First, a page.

Momma always had on her apron. She would get dressed in the morning and put the apron on over her dress and wear it all day. I don't ever remember seeing my mother in pants. She always wore what she called "house" dresses at home. Momma wore the pinafore type that went over her head and covered her entire front.

My mother-in-law wore the same type apron as my mother. My daughters and son grew up seeing both their grandmothers wear aprons except when there was company or they left the house to shop or go visiting.

We all have memories of Nannie (my mother) carrying eggs, wiping wet hands, and cooking big meals in her apron.

Grandmother, (my husband's mother) carried all sorts of vegetables from the garden, baked cookies, and wiped away tears with her aprons.

Aprons made great hiding places for shy children, were used to carry in wood for the stove, to gather apples that fell from the tree, and often were waved to men in the field so they knew dinner was on the table.

I even found some old Simplicity Patterns on e-bay to make your own aprons.

You could wipe a perspiring brow, use them as a potholder, and wrap them around your arms to keep warm.

Some children today probably don't even know what an apron is.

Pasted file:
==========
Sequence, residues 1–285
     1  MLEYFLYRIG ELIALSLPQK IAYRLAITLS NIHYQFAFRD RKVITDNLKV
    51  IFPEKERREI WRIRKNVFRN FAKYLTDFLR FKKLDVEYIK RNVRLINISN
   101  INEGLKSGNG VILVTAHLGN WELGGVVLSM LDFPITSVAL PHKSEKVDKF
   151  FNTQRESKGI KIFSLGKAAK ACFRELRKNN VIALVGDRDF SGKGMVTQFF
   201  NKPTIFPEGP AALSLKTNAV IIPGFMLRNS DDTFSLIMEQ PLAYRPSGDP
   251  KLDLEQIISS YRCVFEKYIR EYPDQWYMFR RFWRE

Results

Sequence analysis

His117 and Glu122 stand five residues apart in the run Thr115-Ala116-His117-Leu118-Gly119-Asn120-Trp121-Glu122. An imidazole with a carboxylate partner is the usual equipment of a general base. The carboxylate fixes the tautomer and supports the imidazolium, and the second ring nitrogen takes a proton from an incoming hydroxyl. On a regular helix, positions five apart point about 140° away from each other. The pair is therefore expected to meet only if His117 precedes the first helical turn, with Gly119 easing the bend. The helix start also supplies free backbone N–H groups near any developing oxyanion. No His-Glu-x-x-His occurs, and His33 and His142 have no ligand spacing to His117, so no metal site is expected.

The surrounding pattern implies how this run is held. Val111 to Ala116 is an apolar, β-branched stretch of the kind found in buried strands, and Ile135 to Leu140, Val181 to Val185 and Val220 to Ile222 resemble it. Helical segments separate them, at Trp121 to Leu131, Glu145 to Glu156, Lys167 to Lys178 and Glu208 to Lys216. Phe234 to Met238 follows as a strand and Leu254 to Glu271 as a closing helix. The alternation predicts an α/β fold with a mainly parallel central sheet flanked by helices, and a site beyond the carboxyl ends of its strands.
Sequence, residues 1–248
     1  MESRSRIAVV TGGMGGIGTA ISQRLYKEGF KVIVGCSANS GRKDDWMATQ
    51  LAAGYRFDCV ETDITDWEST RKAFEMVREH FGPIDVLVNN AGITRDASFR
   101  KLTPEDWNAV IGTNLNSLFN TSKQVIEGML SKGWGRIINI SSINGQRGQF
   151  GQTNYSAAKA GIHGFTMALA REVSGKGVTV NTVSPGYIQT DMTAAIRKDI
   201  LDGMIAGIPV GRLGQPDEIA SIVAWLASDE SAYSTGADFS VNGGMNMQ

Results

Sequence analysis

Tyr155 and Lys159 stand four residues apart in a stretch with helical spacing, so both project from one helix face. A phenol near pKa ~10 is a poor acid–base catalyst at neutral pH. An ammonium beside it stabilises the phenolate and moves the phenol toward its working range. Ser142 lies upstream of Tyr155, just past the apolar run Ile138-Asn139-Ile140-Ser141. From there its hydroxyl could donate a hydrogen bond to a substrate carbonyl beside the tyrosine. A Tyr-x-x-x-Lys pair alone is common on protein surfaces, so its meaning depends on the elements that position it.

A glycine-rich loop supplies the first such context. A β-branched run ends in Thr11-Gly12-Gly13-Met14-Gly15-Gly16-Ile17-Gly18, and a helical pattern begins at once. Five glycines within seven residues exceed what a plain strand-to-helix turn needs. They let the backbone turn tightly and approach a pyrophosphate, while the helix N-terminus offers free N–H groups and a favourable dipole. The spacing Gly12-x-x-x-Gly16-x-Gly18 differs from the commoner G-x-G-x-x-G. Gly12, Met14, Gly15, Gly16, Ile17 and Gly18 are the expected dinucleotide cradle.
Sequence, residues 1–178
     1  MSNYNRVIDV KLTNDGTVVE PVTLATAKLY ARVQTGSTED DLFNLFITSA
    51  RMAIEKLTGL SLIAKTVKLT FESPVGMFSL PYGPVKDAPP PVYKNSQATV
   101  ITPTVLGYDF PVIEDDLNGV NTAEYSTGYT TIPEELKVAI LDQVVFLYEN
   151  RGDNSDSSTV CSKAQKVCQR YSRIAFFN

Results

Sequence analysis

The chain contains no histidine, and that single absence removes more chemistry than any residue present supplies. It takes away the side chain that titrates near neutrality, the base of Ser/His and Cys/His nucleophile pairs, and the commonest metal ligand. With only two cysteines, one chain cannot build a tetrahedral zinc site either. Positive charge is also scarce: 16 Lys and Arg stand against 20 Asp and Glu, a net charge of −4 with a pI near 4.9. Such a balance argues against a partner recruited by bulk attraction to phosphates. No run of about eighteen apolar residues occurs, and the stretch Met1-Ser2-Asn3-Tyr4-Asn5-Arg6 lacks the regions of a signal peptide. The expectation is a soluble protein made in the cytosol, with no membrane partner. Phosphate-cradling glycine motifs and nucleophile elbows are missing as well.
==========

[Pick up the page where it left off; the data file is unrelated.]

I think aprons are memory makers. I think they symbolize home, motherhood and family, good times and cookies and good food! Remember Leave it to Beaver and June Cleaver in her apron on the show?

What do you think about when you think of aprons?

Sunday, November 16, 2008


On November 20th, my twin daughters will be thirty-one years old. It seems like only yesterday they were born a month premature. Anne weighed 3 lbs. and Leigh weighed 6 lbs. but promptly lost a pound. Leigh had to be taken to the University of Kentucky Medical Center because she was suffering from a condition where she had too much blood and a hole in her heart. Anne had to remain in the local hospital until she reached five pounds before she could be released to come home. I went home to the farm without either baby!